Pound Sterling Volatile on Mixed Reports of Trade Negotiation Progress

- GBP in strong recovery
- Report says enough progress has been done to enter crucial 'tunnel' phase
- But volatility rises after EU source refutes claim

- Recovery comes after earlier headlines spooked the Pound

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Volatile is the word of the day for the British Pound, which dropped sharply only to recovery in an equally sharpish fashion on a string of unofficial reports concerning this week's Brexit negotiations.

The currency rallied off its daily lows after a Financial Times report revealed negotiators are happy enough with the progress made in the final round of negotiations to enter what is known as a 'tunnel period', which is a final push conducted in secret where the outstanding details are overcome and a draft for leaders to assess is produced.

"Despite the EU launching legal proceedings against the UK over the internal market bill, officials in London are increasingly optimistic a Brexit deal," says Sebastian Payne, Whitehall reported at the Financial Times. Payne quotes an official as saying: "We’ve gone from about 30% chance of a deal to the other way around. I think it’s almost certain we’ll enter the tunnel."

"Officials with knowledge of the talks say a landing zone on state aid has been identified but “fishing is the last sticking point. We both have to jump together,” adds Payne.

He adds the mood in Whitehall is “cautiously optimistic” but says his sources warn "it’s going to go to the brink."

The story is just the latest in a string of unofficial briefings to various journalists on the state of talks, but these briefings are being closely watched by foreign exchange markets.

The Pound-to-Euro exchange rate has bounced off the day's low at 1.0922 to trade at 1.1015 at the time of writing. The Pound-to-Dollar exchange rate has risen from a floor at 1.2819 to quote at 1.2950.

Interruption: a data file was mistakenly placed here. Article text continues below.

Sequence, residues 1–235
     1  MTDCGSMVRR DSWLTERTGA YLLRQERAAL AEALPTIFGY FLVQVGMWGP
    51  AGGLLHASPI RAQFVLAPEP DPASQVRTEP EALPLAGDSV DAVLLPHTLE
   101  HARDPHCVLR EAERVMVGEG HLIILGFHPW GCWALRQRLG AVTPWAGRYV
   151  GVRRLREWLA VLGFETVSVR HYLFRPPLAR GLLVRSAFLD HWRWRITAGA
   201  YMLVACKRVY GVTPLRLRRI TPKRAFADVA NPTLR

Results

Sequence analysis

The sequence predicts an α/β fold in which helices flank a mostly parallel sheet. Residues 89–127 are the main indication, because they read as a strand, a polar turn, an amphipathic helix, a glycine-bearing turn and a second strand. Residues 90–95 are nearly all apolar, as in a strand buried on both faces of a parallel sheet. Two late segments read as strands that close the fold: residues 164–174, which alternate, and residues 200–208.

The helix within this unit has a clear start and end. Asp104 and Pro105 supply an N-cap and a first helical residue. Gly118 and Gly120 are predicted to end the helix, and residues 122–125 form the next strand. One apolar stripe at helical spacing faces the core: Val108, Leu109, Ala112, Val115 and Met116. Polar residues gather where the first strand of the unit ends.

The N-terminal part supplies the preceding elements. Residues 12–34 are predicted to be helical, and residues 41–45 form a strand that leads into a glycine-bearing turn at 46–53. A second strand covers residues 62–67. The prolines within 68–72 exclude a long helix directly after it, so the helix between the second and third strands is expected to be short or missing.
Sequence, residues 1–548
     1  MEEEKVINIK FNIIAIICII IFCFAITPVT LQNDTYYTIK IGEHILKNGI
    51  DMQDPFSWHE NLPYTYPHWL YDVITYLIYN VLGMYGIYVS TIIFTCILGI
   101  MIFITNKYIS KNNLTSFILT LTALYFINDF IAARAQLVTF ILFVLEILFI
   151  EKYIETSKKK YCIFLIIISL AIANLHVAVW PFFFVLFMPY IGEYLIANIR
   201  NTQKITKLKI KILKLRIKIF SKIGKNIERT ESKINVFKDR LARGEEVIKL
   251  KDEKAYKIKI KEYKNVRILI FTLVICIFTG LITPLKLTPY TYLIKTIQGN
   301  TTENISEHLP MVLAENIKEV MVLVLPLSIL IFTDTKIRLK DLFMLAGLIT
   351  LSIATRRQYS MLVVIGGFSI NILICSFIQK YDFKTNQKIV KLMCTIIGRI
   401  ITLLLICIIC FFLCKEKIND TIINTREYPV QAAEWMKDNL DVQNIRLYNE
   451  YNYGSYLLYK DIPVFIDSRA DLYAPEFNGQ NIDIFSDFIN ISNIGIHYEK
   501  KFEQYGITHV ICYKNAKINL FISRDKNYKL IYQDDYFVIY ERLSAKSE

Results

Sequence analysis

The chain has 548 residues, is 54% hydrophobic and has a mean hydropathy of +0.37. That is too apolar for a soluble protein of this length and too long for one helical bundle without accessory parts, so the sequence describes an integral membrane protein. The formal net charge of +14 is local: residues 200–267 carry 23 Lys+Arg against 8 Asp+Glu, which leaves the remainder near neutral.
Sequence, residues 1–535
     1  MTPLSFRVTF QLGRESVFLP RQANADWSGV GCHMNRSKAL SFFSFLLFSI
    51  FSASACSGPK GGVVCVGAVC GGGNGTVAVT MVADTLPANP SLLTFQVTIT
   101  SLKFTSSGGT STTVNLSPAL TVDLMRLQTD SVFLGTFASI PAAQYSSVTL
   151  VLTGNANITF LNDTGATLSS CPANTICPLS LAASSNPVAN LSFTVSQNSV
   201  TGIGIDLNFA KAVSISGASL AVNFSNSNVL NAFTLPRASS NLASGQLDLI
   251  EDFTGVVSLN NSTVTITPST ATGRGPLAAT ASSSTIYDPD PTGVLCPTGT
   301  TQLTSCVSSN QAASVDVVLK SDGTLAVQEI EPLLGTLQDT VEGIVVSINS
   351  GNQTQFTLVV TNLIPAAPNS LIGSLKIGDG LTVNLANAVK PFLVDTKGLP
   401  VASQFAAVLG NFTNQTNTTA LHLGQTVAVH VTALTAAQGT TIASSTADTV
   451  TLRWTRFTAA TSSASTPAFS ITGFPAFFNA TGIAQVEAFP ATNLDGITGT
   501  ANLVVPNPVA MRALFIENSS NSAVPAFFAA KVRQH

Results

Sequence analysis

However, just to underpin how volatile the currency is, Sterling then reversed after a newswire carried a report that an EU official refuted the FT report, stating there is no sign of a landing zone with the UK of the issue of fisheries and level playing field.

The reaction of the market to this update is viewed in the below chart:

Heightened volatility

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The British Pound was jolted lower against the Euro, Dollar and all its major peers earlier in the day after a bubble of optimism surrounding Brexit trade negotiations was burst by a report that suggest the EU will not sign a trade deal unless the UK withdraws the Internal Market Bill.

A Reuters report came out saying the UK and EU have failed to narrow differences on State Aid in trade talks and that "a final EU consent is contingent on the Internal Market Bill's withdrawal."

The Internal Market Bill (IMB) had looked to have become less of an issue over recent weeks with the EU accepting the UK's argument that it would only breach the Withdrawal Agreement in the event of no trade deal being reached, however the issue is back in play it would appear.

"Pound sells off hard on Brexit headlines suggesting the UK & EU fail to close differences on state aid & doubts on new trade deal in time. I suggest there is further downside ahead for Sterling on this news," says Neil Jones, who heads the institutional currency sales desk at Mizuho in London.

The Pound-to-Dollar exchange rate fell half a percent to 1.2857 on the developments, the Pound-to-Euro exchange rate fell half a percent to 1.0963.

The European Commission has meanwhile sent a letter of formal notice to the U.K. government, stating it intends to take legal action against the UK for breaching its obligations under the Withdrawal Agreement by pursuing the IMB.